Tuesday, January 12, 2010

Therese Assignment 1: the search for galoon

The search for galoon (and what one might do with it) has taken me far and wide. As a librarian and wordlover, I looked first for a definition. After all, if you don't know what it is, how can you buy it? I ranged through all kinds of search engines. If you type define galoon into Google, you do get some hits, although it asks you whether you really mean gallon...

My confession is that I spent an inordinate amount of time typing terms into search engines like Google, Bing, Bing Images, my favourite Kartoo, and Clusty. I used search terms like galoon, galloon, galoon braid, galoon lace, and more. Given that Therese wants to use it as a binding, I'm assuming it is like a braid. Many of the websites I found took me to lingerie and erotic wear sites, where galoon lace seems a common enough term. But I didn't think Therese was talking about this kind of galoon lace, despite all her talk of fancy underlinen. During my ferretting around the web, I also noted that the web version of Therese's Encyclopedia no longers talks about braid or galoon. The image is there, but it is now referred to as 'sewing on flaps.' What happened? Was it too esoteric for more recent editions? Had racy lingerie given the term a bad name?

I found my way to Wordnik, where I found the word, and a chunk of text quoting the word but not really defining it. Of course, I signed up for Wordnik and added some comments of my own. Today's word-of-the-day is bombinate, in case you were wondering. Leading on from there, I found a definition from Webster's Dictionary. That made me feel a little shamefaced, so I got off the computer and went to consult our own copy of Webster, and then the OED. We have about three different versions of the OED on our reference shelves plus a range of other dictionaries. Why hadn't I thought to start there? Am I so internetted that I forgot about print? How embarrassing. Anyway, the Shorter OED lists the word under GALLOON, with an alternative for GALON. It is a French word, defined as a pice of narrow ornamental fabric, esp. close-woven silk braid or a strip of lace, used to trim or finish costume or upholstery.

I wandered down King Street to Bollywood Braids and Trims, a treasure trove of all things braidy. Alas, it being Tuesday, it was closed. I must go back. Surely they would know about galoon. Avanti, the lovely braid and tassel shop on King Street is no longer.

In my web wanderings I found myself at the Italian Ebay site, and found some divine berry coloured galoon trim. This is the current listing, and here is a picture.

Naturally I ordered some. In my exchange with the operator of the Italian ebay store, I also found their US version here, and a glossary of terms here. There is a wonderland of terms out there, arcane terms like dimity and dobby, suzani and tabinet. Who knew?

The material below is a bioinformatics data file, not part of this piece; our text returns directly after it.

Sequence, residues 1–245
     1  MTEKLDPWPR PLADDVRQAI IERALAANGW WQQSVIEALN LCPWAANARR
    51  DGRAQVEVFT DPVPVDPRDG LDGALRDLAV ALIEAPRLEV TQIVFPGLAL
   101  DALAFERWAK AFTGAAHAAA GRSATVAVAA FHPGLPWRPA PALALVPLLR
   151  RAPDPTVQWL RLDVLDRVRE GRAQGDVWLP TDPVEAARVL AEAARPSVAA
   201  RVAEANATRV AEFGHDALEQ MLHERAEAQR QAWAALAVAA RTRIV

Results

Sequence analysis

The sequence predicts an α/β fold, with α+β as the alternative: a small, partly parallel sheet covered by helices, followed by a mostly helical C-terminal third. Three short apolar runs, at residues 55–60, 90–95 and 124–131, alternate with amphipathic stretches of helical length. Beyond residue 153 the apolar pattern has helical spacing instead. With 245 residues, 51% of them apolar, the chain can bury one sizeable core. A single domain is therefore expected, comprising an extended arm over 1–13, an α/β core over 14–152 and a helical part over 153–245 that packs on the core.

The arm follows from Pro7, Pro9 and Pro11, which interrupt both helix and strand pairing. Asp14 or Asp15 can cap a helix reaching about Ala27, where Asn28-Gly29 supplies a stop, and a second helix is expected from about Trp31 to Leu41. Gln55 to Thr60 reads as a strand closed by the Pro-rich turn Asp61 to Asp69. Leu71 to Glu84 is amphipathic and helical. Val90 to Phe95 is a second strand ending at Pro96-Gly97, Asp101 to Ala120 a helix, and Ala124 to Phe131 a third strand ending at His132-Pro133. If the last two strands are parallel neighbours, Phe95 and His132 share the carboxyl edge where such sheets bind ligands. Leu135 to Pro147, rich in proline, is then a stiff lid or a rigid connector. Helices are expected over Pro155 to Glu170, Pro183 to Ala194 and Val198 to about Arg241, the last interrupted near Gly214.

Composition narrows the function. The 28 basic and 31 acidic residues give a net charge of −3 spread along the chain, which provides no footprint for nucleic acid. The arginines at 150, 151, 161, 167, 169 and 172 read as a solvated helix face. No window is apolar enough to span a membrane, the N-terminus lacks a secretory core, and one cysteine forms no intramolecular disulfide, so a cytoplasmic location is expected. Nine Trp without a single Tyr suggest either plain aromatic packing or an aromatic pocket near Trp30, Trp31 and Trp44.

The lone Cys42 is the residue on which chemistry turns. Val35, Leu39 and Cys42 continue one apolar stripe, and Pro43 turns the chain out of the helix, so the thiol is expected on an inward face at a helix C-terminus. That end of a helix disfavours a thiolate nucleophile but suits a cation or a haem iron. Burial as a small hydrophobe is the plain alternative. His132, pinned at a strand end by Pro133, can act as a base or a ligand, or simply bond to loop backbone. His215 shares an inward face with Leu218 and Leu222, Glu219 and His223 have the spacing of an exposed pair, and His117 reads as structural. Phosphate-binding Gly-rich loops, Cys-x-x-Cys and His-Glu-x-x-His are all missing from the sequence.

While I await delivery of the Berry Galoon, I wonder what to do with it. Trim underwear? Cushion covers? Trendy trim on a skirt or top? At the moment the best idea I have is to use it to bind the hems on some fine black pants. (Regular readers will know I have more than one pair of black pants, and they have names. Those in question right now are the Nitya ones.) When I wear velcro-closing sandals, the hems get caught in the velcro, and the hems of these pants are now shredded. A Berry Galoon binding might be just the thing to renovate them, and to practice on.

Our next Therese chapter is Machine Sewing, so stay tuned.


  1. It's lovely! And of course, other than Google and Youtube - ebay delivers once again!

  2. I once worked in the 'fancy goods' department of Kirkaldies, Wellington's poshest department store in the days when posh meant something - imported goods, mostly, expensive because NZ had very high customs duty on 'luxury' imports. Fancy goods was hankies (lace-trimmed, fine lawn, boxed or singular), fur trims (real fur!), silk scarves, umbrellas, and the higher level of haberdashery, like silk velvet ribbons and French lace (including galloon) rather than hooks and eyes and petersham bindings. I had a lovely time. We didn't sell shetland shawls, although we had fine woven paisley ones, but there were hand knitted shetland lace christening shawls in the babies' wear department, along with little viyella gowns and smocked tops.

    Sorry, the memory went into overdrive there for a moment.

  3. I remember Kirkaldies from my visits to Wellington in the eighties. It was a beautiful store, and I remember its lovely paned windows. It must have been a treat to work there among those silks and ribbons and lace. Aaah. Viyella baby gowns and smocks. Mmm. Remember Adrienne and the Misses Bonney in Sydney?

  4. I don't remember anything about Sydney - I only arrived here in 1998. I worked at 'Kirks' in the late 1960s as a school/university holiday job which included two 3-month stints, one of which I spent in fabrics. The store was pulled down in the late 80s (unsafe in earthquakes) and has been rebuilt inside the same facade. It isn't the same, though. Lower ceilings and much less generous proportions.